In a comment in the previous post there was a mention of maybe the PM role will go away with the advent of new technologies that make it easier to drive data directly to the developers. In particular there was a mention of Watson — which is our online crash data — which has been a miraculous help to developers (an amazing innovation, created almost entirely by development at the early stages).
My opinion is that the more data there is the more there is going to be a need to step back and to really understand what is valuable and what is not. The next evolution of data along the lines of Watson has been the Office Customer Experience Improvement Program (sometimes called SQM internally) which was pioneered by the MSN team and is used by many groups at Microsoft (and has been used in Office previously).
In his BayCHI talk last week, Jensen described some of the data used by PM to help to develop the new UI. In many ways the UI work in Office “12” shows how the joint work across all the disciplines mentioned can yield a success that would not be possible with only one perspective. One thing to keep in mind is the scale of this design–no product does as many things for as many people in as many different ways as Microsoft Office, so the decision to evolve the experience and the chosen designs are a big deal to us and our customers.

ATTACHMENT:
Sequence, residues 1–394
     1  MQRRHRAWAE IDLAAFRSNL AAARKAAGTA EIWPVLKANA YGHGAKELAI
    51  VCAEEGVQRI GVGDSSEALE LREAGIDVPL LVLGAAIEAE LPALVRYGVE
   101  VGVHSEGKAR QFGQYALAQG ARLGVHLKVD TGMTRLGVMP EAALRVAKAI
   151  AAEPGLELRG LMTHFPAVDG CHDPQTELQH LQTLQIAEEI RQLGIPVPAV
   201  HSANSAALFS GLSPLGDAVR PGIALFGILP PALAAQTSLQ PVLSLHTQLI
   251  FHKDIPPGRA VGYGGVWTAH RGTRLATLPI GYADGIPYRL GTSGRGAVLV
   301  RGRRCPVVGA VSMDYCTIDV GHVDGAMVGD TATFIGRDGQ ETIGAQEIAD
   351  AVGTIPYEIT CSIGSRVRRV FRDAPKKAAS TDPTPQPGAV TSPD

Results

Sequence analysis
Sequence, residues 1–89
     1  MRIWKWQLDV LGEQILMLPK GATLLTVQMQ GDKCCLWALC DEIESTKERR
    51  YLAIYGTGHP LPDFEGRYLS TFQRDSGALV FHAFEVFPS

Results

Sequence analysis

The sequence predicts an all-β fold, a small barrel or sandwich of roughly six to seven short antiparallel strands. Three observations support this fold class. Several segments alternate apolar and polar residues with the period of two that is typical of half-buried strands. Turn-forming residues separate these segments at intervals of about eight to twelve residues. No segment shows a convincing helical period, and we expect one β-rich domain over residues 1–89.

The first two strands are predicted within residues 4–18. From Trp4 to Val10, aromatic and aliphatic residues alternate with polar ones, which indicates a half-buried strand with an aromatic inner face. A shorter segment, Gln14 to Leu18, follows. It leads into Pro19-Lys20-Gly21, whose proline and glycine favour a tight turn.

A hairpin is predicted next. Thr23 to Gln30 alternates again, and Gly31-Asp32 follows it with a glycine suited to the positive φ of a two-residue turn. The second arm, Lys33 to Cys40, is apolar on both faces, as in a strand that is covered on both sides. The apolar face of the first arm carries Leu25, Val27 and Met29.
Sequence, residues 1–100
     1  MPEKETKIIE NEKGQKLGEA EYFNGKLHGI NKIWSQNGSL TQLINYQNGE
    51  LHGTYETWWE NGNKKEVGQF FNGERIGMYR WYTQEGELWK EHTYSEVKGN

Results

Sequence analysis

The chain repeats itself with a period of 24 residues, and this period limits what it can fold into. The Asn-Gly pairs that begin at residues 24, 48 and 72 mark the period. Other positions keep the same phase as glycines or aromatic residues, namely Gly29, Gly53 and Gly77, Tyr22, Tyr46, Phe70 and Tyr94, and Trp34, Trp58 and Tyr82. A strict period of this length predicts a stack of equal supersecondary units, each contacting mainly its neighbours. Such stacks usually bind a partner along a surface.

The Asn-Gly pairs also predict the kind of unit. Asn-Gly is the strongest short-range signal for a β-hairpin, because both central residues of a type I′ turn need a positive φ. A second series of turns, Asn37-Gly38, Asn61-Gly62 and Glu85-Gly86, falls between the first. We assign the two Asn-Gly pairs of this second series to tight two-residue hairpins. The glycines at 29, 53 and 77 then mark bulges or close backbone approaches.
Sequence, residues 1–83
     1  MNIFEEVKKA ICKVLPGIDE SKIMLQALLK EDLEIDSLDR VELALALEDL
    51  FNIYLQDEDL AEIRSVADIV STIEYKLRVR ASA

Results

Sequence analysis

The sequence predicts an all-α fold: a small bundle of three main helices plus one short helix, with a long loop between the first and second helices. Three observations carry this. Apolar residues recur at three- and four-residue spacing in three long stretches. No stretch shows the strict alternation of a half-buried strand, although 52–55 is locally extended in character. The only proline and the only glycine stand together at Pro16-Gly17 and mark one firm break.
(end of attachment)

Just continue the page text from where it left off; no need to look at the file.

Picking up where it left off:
Rashmi Sinha at BayCHI posted some kind words about the whole interaction we are having with customers, which I think dovetails with the comments previously.
Jensen’s slides are also posted from that talk. From the slides you can see that the data helped us to better understand how the product is used by a large number of people, but the design was still a collaborative effort that followed the model I outlined. And of course we’re still in beta so we have been going through a significant amount of feedback and iteration. Also as a reminder, Jensen’s manager, Julie Larson-Green, has a video that shows the UI in action.